The wounds of the Jabidah massacre are still fresh, said ARMM Governor Mujiv Hataman, who had had been working with the National Historical Commission of the Philippines (NHCP) for seven years before the historical marker was finally installed.

“Sariwang-sariwa in the sense na inaasahan natin na after ng Jabidah massacre na wala nang mga massacre na mangyayari (Fresh in the sense that we hoped that after the Jabidah massacre, no other massacres would occur),” he said.

The investigation into the Jabidah massacre was cut short by Martial Law, said NHCP executive director Ludovico Badoy, leaving many questions about the operation unanswered: how many young Moro soldiers were killed, what happened to their bodies, and who ordered their massacre.

Justice for the Jabidah massacre victims, said Gov. Hataman, is not about seeking prosecution, but peace.

‘Tending peace is like tending a garden’

To chief government peace negotiator Prof. Miriam Coronel-Ferrer, one of the guests at the commemoration of the Jabidah massacre, compared the peace process to tending a garden.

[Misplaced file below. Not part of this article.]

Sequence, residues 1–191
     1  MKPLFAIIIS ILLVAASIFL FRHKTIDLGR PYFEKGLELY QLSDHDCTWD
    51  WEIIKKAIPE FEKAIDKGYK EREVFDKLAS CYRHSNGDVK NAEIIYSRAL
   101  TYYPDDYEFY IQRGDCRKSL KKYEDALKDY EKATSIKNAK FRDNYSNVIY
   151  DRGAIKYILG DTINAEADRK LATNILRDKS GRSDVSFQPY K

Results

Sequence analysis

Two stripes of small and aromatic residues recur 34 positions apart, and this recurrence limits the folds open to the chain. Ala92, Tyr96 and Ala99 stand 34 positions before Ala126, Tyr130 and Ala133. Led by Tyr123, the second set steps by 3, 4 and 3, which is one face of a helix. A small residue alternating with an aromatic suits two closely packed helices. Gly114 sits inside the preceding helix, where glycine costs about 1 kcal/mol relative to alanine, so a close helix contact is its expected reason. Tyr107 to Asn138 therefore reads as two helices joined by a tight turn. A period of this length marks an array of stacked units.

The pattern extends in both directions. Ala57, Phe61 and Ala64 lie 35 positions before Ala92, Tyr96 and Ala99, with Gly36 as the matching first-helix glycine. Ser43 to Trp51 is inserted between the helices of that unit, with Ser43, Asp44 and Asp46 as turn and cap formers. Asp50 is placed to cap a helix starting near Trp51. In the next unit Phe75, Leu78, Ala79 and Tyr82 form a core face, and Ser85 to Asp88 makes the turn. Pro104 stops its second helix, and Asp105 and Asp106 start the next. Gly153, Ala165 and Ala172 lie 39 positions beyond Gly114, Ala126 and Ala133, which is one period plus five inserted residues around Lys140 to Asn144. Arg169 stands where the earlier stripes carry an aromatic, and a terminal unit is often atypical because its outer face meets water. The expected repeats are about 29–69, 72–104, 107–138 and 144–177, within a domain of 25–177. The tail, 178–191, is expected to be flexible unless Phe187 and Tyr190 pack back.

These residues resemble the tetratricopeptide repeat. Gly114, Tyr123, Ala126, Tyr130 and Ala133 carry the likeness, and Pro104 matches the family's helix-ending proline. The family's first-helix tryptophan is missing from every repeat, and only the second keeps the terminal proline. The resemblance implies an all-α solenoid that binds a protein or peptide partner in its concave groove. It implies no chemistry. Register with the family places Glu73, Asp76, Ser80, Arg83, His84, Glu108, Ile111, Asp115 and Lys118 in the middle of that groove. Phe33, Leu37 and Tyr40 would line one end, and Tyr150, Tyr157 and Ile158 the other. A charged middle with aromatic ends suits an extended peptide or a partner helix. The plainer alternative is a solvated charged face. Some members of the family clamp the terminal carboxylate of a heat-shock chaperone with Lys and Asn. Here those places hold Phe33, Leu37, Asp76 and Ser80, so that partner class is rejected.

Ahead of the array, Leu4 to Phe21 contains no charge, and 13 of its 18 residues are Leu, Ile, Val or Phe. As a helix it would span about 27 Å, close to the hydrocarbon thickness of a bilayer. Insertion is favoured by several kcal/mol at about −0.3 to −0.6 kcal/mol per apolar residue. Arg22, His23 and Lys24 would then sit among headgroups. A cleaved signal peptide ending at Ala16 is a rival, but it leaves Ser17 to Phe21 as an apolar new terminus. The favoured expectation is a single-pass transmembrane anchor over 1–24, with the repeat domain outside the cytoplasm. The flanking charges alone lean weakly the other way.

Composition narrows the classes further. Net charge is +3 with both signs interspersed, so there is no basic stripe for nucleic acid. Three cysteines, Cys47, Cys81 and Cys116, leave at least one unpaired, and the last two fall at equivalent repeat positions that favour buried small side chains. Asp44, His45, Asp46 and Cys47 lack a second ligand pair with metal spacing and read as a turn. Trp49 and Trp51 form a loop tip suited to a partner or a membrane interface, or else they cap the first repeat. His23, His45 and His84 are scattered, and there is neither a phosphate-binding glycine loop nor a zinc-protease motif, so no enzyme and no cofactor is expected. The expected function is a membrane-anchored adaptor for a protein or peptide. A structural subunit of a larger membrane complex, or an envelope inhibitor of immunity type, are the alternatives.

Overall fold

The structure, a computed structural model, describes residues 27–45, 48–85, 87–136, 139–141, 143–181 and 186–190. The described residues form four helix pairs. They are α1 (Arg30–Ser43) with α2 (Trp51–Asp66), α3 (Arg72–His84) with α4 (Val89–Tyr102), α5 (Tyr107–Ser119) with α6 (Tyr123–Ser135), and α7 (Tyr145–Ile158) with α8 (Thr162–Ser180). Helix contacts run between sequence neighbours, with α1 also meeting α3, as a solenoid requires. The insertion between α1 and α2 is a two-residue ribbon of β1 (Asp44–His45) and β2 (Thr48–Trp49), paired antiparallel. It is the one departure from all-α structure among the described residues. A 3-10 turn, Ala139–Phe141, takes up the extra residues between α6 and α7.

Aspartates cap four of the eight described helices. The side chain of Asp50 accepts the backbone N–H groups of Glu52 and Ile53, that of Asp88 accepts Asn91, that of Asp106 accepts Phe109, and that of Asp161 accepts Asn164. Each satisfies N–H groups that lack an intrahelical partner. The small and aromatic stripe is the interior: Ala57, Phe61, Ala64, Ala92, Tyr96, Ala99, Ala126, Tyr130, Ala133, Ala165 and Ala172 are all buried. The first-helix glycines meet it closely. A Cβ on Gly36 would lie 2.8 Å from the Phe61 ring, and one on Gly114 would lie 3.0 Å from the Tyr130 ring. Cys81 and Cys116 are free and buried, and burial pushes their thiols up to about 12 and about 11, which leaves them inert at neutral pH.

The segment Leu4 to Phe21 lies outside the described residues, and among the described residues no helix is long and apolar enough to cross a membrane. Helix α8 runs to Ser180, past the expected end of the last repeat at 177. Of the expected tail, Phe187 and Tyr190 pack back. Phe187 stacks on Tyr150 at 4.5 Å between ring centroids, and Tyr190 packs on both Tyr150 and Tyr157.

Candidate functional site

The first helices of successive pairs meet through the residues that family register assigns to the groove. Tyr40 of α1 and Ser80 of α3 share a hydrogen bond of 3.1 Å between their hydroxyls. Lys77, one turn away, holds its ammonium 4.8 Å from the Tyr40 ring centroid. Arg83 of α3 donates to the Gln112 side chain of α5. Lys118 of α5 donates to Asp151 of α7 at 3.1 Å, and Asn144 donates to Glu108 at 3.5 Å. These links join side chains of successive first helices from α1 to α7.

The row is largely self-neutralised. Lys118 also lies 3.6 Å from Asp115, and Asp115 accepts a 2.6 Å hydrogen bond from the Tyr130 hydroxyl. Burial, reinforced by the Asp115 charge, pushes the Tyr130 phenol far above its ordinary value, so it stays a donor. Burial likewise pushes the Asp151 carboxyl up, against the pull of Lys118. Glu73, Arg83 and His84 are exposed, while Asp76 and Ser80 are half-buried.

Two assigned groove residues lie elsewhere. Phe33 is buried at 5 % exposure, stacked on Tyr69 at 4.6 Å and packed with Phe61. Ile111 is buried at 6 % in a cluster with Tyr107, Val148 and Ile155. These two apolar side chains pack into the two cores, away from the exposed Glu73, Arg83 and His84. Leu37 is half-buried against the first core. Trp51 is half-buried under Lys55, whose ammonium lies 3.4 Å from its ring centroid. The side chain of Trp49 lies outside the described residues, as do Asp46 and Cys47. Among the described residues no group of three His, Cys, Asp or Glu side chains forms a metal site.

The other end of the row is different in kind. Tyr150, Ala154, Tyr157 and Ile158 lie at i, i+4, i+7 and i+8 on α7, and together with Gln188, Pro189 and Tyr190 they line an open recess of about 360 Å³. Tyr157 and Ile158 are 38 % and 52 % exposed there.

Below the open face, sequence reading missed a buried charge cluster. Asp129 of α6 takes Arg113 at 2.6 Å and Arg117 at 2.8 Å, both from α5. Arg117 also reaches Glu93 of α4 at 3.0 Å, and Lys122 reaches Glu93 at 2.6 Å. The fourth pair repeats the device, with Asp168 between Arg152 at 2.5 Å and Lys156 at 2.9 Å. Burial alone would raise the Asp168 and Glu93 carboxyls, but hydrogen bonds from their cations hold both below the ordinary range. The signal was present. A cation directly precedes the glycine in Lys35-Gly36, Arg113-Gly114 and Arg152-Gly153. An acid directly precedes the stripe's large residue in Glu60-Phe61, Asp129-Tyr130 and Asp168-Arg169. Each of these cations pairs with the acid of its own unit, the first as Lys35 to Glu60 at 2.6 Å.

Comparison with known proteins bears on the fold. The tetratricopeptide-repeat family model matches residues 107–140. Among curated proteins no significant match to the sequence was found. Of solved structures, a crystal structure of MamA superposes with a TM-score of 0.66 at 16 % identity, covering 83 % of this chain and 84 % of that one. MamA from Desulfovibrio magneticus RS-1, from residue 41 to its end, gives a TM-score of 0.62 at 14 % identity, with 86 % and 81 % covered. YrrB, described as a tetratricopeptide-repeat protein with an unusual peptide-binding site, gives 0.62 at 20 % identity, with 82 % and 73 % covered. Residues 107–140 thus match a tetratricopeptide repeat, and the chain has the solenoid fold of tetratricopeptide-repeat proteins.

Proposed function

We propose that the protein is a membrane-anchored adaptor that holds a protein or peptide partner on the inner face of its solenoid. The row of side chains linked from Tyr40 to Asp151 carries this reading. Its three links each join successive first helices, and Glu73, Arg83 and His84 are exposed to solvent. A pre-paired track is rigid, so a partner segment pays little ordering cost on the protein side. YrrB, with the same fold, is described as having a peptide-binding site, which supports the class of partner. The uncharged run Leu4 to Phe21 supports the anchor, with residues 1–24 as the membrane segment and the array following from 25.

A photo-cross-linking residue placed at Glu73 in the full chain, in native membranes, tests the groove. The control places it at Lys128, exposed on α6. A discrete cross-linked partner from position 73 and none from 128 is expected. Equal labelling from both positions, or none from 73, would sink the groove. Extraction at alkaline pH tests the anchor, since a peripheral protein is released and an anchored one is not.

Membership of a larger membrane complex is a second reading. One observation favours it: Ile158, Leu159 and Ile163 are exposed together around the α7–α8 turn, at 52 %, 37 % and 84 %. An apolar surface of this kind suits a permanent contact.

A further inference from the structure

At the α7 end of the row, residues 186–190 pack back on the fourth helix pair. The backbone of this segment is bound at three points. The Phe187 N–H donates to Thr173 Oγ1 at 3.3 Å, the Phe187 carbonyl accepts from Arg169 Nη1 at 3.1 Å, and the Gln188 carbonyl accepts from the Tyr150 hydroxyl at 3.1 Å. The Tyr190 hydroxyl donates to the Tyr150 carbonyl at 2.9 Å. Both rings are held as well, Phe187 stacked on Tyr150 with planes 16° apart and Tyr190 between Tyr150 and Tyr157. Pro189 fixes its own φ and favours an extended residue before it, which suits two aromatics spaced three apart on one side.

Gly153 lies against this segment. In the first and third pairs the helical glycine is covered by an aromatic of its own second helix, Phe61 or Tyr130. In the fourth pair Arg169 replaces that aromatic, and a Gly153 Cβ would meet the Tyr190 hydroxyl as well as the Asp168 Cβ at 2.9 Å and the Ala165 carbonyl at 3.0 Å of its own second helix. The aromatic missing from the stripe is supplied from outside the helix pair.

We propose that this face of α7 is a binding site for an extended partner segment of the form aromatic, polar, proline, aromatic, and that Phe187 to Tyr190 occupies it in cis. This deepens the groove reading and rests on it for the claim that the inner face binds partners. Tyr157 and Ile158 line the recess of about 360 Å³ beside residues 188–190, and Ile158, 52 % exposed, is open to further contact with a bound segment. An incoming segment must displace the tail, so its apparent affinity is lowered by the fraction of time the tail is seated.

“Kung hindi natin pangalagaan itong ating mga sinimulang pagsisikap, pwede talaga ‘yang mawala, mabitawan,” she said.

(If we do not take care of the efforts we have initiated, it can really vanish, slip from our grasp).”

“O kung isang garden ‘yan, tapak-tapakan, makalimutang diligan, yurakin pa nga. Pero kung lagi pong may tao diyan katulad ninyo, bata, matanda, babae, lalaki, Bangsamoro, Ilocano, Kapampangan o ano pa man, ‘yang ganyang klaseng aruga, matitiyak niyan na hindi ‘yan mawawalay, hindi ‘yan mawawala sa atin. At kung hindi man ‘yan kaagad makamit, makakamit pa rin ‘yan kasi meron talagang nagsisikap na mangyari at mangyari ‘yan.

(Just like a garden, it can get trampled on. One can forget to water it. Destroy it, even. But if there are people like you, young, old, woman, man, Bangsamoro, Ilocano, Kapampangan, or whatever, with that kind of care, we can be sure that it won’t slip away from us. And if we haven’t achieved it yet, we will still achieve it in the long run because of those who strive to achieve it).”

After the unveiling of the historical marker, visitors were invited to participate in a campaign to gather a million signatures for peace. (TRICIA AQUINO/